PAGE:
Asa community and a school, we became confident about the approach. Thestudents were happy, and the parents’ support was enormous.Moreover, the instructors felt energized, and the academic scoreswere telling an equally encouraging story. In the year 2009,statistics indicated high achievement in all subjects. The approachwas not only allowing the teachers to provide opportunities to thestudents, but also to reduce the opportunity gaps. By the end of thenext five months, the academic performance of the school improvedtremendously. All the eighth graders qualified for college. In fact,65% of the students decided to pursue courses that they learnedduring the enrichment programs (Fullan, 2012).

IfI were the administrator, I would have doneseveralthings differently. The first step would have been creating a moredefinite improvement plan for the teachers to ensure they takeresponsibility for the students’ performance. This method entailsassigning particular students to each teacher as a part of groupwork. The teachers would engage in group work to ascertain thespecific needs of each student are accomplished. In addition, theallocation of particular students helps in personalizing theindividuals’ difficulties. The teachers have the capacity toidentify the students’ glitches and provide personalized support asopposed to a situation where an instructor is in charge of the entireclass (Bailey, 2014).

Besides,I would have implemented a strategy to follow up on the student’sroutine in various tests through graphs to identify the trends inperformance. The progress report would be posted on the notice boardfor the whole school community to follow it. The approach raises thestudents’ awareness and pushes them to work harder to ensureconsistent results. I would also link the teachers’ remuneration tothe students’ performance. In the program, the educators aresubject to bonus payments if their assigned students perform well. Itis a much better approach compared to the situation where tutors’pay is based on the time they spend at school. The instructors arelikely to relax when they earn depending on the time they spend inschool (Bailey, 2014).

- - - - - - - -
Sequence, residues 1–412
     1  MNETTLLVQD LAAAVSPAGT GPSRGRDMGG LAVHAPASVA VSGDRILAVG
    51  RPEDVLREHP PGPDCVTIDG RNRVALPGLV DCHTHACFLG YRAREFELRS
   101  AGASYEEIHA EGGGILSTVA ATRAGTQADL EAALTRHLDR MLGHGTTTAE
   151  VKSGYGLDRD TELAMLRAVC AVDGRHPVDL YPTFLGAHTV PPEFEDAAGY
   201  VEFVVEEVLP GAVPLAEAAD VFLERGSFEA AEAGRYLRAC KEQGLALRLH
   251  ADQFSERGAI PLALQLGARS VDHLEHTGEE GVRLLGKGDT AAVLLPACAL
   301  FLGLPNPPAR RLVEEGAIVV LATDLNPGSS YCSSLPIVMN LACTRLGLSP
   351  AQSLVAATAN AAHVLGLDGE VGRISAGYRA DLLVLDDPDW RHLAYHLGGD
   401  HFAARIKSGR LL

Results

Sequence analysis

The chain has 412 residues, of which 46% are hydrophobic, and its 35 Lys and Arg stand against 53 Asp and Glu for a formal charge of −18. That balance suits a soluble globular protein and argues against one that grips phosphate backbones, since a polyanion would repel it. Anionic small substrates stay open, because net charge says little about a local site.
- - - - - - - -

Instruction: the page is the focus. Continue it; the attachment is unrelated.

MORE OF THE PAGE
Besides,I would make the process cumulative. In such an instance, theteachers’ bonuses build up during the consecutive academic termsand are disbursed at the end of the year. The intention of thestrategy is to create consistency since the instructors’ bonusesare deducted when the students’ performance declines. However, Iwould establish a minimum performance requirement where the teacheris entitled to a bonus as a strategy to ensure the tutors’motivation (Fullan, 2012).


Bailey,M. ( 2014, July 22). Lessons from a school that scrapped a longerstudent day and made time for teachers. TheHechinger report.Retrieved on 1 July 2016, from

Fullan,M. (2012). The six secrets of change: What the best leaders do tohelp their organizations survive and thrive. San Francisco, CA:Jossey-Bass.

Magana,A. (2014, October 9). How an extended day, other innovations turneda Denver middle school around. TheHechinger report. Retrievedon 1 July 2016, from